Deloitte has warned business travel is set for a slow takeoff, based on the findings of its new report — a message which is in stark contrast to many recent airline statements.
Travel managers predict a slower recovery compared to bullish outlooks from the aviation sector. To start with, only a third of companies expect to reach or surpass 50 percent of 2019 travel spend levels by the end of 2021. And just over half (54 percent) of respondents expect their companies to reach 2019 levels by the fourth quarter of 2022.
Deloitte polled 150 U.S.-based travel managers and executives from May 28 to June 20 this year, and interviewed executives at companies whose 2019 air spend averaged $123 million a year.
THE SKY’S THE LIMIT
Overall, Deloitte pegs a U.S. corporate travel recovery of 65-80 percent of 2019 levels by the end of 2022. But there are some “ifs” — the biggest being sustainability.
Airlines may not see eye to eye.
United Airlines expects its overall 2022 capacity to be higher than in 2019, with the return of corporate road warriors bolstering its viewpoint. Commercial chief Andrew Nocella forecasts business travel will be down just 40-45 percent in this year’s third quarter.
Delta Air Lines is optimistic too, and thinks business travel will rebound this autumn after schools reopen and companies recall workers to their offices. “The surge is coming … there is enormous pent-up energy and demand for [business] travel,” said CEO Ed Bastian. Surprising comments considering its own survey of corporate clients showed about one-third expected to return to pre-Covid levels of travel by 2022, with 21 percent expecting their travel to return to pre-pandemic levels by 2023.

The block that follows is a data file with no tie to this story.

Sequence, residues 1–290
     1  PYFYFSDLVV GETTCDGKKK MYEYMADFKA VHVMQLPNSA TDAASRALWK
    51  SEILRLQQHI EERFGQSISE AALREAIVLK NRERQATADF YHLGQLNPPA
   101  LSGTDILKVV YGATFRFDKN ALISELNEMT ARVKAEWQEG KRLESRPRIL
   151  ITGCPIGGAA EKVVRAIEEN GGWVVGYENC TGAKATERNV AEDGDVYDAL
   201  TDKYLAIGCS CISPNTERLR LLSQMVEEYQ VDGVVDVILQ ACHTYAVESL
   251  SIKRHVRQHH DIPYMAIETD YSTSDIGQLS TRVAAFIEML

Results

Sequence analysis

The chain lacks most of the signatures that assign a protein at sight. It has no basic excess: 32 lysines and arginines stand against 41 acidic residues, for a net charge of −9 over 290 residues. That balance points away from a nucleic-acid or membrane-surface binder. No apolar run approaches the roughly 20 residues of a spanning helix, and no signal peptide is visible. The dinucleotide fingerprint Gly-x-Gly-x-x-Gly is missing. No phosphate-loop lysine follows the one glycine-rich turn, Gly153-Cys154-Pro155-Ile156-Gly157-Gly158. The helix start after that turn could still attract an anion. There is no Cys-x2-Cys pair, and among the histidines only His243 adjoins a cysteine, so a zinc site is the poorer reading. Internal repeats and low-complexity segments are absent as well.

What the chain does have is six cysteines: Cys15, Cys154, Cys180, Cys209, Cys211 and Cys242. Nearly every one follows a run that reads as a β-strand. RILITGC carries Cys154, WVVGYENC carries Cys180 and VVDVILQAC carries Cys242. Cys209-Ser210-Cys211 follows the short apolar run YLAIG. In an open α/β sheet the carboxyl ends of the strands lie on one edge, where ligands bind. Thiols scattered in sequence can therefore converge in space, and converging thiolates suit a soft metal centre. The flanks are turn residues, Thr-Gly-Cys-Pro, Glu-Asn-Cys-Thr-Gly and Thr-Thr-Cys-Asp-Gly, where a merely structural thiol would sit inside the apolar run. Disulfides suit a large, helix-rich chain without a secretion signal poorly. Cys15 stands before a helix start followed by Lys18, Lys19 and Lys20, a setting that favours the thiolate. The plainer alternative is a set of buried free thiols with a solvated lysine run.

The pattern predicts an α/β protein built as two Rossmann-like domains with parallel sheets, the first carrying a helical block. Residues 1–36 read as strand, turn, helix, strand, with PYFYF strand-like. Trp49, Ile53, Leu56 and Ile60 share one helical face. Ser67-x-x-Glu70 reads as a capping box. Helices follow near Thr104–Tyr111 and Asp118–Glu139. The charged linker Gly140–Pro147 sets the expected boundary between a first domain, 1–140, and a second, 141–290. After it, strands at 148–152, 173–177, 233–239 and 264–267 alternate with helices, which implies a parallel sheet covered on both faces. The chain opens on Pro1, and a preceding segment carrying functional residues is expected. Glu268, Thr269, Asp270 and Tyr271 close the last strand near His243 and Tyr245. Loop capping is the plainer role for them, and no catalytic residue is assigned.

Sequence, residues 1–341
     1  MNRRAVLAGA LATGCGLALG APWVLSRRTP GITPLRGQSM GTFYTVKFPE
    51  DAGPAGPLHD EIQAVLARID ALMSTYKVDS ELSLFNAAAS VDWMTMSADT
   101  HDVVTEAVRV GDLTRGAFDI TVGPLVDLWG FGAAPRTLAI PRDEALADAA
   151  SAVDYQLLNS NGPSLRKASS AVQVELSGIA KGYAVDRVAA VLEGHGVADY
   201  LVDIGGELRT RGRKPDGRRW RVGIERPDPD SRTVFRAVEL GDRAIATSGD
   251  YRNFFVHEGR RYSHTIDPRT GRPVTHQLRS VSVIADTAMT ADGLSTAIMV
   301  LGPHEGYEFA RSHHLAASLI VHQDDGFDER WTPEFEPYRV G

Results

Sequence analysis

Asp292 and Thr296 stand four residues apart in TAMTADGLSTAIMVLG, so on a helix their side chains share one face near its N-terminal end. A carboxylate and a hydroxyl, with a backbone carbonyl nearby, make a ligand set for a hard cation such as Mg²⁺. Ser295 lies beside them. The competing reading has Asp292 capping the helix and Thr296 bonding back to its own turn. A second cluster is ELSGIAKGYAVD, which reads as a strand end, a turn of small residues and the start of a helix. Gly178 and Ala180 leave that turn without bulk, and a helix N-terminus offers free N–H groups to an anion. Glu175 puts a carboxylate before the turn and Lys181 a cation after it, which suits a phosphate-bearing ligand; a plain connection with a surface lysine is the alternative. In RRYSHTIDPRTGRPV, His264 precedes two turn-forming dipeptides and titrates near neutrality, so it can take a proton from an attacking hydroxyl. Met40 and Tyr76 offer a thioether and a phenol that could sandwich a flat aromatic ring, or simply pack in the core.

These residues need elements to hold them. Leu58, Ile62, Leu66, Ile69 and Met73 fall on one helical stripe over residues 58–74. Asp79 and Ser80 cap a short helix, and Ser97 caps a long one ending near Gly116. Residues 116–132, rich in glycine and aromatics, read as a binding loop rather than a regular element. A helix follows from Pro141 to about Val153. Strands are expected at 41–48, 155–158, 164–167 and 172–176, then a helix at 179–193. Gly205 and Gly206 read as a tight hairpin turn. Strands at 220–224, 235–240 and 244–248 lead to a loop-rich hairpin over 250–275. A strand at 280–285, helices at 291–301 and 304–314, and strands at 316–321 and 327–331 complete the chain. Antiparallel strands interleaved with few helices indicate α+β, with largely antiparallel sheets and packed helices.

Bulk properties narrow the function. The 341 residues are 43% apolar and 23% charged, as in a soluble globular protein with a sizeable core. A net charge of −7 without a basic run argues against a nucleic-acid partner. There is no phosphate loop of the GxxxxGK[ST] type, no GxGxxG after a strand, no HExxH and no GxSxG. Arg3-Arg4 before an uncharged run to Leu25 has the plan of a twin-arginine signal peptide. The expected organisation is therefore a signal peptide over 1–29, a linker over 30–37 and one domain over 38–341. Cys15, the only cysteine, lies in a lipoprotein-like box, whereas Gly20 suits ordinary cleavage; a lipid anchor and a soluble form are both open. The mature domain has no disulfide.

JetBlue is meanwhile “cautiously optimistic” of an uptick in corporate travelers this fall, Joanna Geraghty said during the airline’s first quarter earnings in April. However, U.S.-UK travel restrictions persist and last week it pulled back on its initial London schedule.
Further field Brazil’s Gol, which wants to restart flights to the U.S. by the end of the year, also expects business travel to return to its pre-pandemic levels by the first quarter of next year.
What could explain the differing results from Deloitte’s own polling of corporate America?
“There’s a lot of uncertainty, which is why corporate travel managers are taking the view they’ve expressed with us,” said Bryan Terry, global aviation leader at Deloitte
Another question is: should airlines be nervous? Deloitte’s survey — Return to a World Transformed: Corporate Travel Post-Pandemic, published on Tuesday) — is extensive, and if correct represents a significant decline in high yielding passengers.
“It’s fair, however you want to characterize it. Nervous, anxious, concerned,” Terry said.
“Airlines are cautiously optimistic, if you look at what they’re projecting. They’re a little more optimistic than we are. That’s fair, but they’re concerned about coming back to 2019 levels and when that will occur. And what will that new business traveler look like? Will they still be flying at the front of the plane, or in the same patterns of destination or duration? It’s still an uncertain future,” he added.